February 1, 2023
By: Victoria Marsh
With the 2023 growing season right around the corner, now is the time to think over changes that can be made to your operation to optimize crop production. Taking a 30,000-foot view, the entire goal of farming is to support the growth and development of the plant to ensure the highest yield and quality. While the idea of this is straight forward, the process to get there differs greatly between growing regions and even neighboring farms.
I’m going to focus on one area of crop production that has been thoroughly researched and over time has consistently proven to increase yields: in-furrow fertility.
Starter fertilizer that is placed with the seed at planting is called in-furrow fertilizer. This method of early season fertility has been shown to support crop growth while reducing overall fertility inputs. According to a study completed by South Dakota State University that focused on corn and soybeans, the in-furrow fertility program increased yields 10% over the broadcast application method. From Michigan State University, not only did yields increase in wheat from the use of in-furrow fertilizer, but it also reduced nitrogen losses due to volatilization and leaching, there-by increasing the nitrogen use efficiency over broadcast applications.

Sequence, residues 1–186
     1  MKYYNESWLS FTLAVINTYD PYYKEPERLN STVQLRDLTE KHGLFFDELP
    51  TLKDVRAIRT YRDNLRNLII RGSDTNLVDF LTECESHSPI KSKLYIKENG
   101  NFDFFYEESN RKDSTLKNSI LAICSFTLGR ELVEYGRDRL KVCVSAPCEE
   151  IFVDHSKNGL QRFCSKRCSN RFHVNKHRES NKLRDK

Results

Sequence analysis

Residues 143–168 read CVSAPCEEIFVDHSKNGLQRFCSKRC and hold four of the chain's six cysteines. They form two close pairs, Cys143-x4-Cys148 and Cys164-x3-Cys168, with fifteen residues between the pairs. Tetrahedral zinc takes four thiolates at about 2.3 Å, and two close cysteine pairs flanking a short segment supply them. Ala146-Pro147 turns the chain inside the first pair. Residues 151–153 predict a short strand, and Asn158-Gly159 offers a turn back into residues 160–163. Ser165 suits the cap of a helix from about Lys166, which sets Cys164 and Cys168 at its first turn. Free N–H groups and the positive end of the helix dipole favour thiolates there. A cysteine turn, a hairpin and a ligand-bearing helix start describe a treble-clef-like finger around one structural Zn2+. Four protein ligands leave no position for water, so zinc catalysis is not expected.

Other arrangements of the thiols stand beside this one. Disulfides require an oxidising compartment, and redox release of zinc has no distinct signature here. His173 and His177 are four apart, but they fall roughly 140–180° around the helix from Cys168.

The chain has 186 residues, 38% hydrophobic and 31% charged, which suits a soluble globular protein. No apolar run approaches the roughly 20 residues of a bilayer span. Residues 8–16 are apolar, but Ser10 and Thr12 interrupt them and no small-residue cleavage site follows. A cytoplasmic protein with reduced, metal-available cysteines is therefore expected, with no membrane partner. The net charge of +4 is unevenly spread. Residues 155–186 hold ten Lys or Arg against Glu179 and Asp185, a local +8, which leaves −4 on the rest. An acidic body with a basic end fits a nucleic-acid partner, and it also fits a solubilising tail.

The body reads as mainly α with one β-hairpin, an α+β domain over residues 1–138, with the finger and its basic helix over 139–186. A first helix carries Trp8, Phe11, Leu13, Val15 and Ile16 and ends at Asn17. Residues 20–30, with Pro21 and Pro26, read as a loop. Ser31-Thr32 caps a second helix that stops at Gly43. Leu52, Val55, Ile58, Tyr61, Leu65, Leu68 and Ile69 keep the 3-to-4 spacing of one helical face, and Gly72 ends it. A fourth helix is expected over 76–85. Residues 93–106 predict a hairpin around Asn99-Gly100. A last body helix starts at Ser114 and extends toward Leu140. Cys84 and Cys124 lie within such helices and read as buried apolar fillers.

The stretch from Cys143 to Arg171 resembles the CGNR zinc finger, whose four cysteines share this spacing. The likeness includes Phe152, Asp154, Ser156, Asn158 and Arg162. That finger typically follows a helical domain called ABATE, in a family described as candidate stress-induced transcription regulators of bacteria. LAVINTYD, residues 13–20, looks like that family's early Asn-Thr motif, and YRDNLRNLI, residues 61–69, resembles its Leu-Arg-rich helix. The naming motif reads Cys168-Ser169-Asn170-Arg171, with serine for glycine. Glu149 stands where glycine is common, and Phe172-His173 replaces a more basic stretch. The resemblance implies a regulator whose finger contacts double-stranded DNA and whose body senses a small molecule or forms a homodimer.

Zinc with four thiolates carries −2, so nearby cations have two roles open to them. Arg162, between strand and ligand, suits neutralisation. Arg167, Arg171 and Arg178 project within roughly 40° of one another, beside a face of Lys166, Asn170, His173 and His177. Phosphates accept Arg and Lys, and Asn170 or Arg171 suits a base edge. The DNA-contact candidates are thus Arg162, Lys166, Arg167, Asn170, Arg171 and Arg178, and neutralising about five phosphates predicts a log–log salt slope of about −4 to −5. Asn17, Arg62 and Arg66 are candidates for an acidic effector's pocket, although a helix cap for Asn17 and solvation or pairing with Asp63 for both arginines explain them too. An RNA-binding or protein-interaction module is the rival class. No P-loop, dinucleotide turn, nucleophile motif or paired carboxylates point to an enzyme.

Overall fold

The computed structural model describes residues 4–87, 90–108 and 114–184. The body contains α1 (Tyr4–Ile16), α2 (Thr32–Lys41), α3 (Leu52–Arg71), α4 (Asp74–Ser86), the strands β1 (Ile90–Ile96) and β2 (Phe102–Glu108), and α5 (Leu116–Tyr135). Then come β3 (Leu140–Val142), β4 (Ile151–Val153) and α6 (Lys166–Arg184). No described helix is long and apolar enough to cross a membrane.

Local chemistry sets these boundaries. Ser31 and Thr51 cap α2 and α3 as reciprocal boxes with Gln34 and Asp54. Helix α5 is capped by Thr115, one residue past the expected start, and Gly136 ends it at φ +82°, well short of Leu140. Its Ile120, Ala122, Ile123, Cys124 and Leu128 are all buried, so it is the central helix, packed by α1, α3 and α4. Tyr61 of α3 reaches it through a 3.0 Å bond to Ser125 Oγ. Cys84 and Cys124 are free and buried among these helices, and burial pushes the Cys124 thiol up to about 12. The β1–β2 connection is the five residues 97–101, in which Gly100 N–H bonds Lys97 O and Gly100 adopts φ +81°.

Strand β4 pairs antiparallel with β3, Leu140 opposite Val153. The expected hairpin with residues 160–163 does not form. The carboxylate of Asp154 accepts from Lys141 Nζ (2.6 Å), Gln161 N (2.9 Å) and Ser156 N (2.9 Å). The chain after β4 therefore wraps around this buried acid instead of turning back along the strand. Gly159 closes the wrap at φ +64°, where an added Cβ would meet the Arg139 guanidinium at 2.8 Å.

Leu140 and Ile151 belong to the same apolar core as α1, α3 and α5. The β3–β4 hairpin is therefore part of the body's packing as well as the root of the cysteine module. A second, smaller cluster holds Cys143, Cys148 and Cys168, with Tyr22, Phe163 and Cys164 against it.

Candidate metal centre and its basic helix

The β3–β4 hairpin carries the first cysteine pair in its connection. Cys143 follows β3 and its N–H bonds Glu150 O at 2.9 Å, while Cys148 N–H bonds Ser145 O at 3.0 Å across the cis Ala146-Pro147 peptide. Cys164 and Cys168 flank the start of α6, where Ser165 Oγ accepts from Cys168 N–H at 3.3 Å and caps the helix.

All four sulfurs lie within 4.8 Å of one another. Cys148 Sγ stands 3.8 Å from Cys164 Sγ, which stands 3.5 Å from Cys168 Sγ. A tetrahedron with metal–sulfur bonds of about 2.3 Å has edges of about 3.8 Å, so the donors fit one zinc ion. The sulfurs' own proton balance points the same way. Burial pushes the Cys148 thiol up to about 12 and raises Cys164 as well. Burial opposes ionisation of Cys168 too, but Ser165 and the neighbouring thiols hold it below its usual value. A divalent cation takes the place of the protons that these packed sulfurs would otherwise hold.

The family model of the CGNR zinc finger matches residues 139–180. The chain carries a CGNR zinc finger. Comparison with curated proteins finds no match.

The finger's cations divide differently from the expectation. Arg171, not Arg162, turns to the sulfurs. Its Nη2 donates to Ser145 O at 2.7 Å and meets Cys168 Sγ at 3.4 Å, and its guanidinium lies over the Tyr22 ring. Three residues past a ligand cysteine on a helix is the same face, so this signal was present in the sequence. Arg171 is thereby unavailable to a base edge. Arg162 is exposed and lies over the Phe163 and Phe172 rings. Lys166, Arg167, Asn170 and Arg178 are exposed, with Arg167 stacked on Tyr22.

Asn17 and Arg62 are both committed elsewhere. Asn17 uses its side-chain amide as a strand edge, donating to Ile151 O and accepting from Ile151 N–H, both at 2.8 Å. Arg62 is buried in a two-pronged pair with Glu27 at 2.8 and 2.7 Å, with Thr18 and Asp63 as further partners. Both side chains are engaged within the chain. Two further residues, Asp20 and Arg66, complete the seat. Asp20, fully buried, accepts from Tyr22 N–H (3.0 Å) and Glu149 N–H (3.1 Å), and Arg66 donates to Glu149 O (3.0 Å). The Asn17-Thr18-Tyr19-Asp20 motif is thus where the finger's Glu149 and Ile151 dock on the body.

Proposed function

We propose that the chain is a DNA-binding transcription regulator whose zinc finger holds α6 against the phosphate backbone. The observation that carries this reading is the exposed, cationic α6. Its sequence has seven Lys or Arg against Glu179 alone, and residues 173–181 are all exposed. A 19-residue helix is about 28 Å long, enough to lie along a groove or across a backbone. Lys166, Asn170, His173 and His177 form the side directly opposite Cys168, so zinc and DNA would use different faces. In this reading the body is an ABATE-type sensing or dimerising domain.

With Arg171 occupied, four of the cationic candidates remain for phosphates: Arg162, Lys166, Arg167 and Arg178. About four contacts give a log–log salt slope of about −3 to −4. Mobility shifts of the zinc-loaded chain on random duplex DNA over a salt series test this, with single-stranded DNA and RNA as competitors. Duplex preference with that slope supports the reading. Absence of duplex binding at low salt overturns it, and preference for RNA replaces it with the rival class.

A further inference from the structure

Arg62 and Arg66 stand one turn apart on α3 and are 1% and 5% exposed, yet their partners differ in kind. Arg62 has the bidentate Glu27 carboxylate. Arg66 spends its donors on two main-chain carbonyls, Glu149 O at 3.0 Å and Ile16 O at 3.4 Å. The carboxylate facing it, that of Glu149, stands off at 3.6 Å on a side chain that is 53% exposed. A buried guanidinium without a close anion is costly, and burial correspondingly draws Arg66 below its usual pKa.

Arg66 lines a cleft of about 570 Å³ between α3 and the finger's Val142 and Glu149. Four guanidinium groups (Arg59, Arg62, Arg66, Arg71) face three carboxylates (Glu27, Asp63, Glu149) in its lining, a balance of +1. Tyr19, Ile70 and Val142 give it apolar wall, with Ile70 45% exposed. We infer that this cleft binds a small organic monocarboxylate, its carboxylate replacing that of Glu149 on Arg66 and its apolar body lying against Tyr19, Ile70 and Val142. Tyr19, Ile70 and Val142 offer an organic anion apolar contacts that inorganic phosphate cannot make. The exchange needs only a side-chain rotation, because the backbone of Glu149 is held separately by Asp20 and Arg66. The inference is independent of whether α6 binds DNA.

At this point, you may be asking yourself “why does in-furrow work so much better than broadcast?” There are several reasons for this. The simplest reason is energy. When the seed is fertilized as it is planted the nutrients are located right at the seed’s location. Once germinated the required nutrients are already within reach of the crops roots. In a broadcast system, the roots may have to grow significantly in order to reach the required nutrients in the soil. This energy expansion is “wasted” since it could have been used to help the seedling get out of the ground and start to grow more vigorously. The pop-up fertility allows for faster growth, and more nutrients put into the above ground growth sooner in comparison to a broadcast application. Also in-furrow works well due to the chemistry of soils. When nitrogen is applied to the soil by broadcasting, there are two major transformations that happen to the ammonium that cause it to be lost out of the plants reach: volatilization and leaching. Other nutrients like phosphorous can be bound up in mineral structures leading to low availability. Both these examples demonstrate a loss of nutrients to the plant and a reduced return on your nutrient application investment.
Other benefits that are important to think about are the reduced nutrients applied to the field. And let’s be honest, if the year is anything like 2022, reducing your nutrient applications will save you a lot of money. Secondly, you are spending less time in the field. One pass, rather than two; a broadcaster and then a planter. Thirdly, you can apply crop protection with your in-furrow application, further reducing your passes through the field, and helping increase your yields and plant health. And who doesn’t want to spend less time in the tractor?
For those of you who want to try in-furrow fertility and crop protection at planting but don’t have the equipment, there are several programs out there to help get farmers equipped. One is from the Natural Resources Conservation Service that is designed to help farmers reduce resource use and increase efficiency.
I hope this article helps you have a successful 2023 growing season.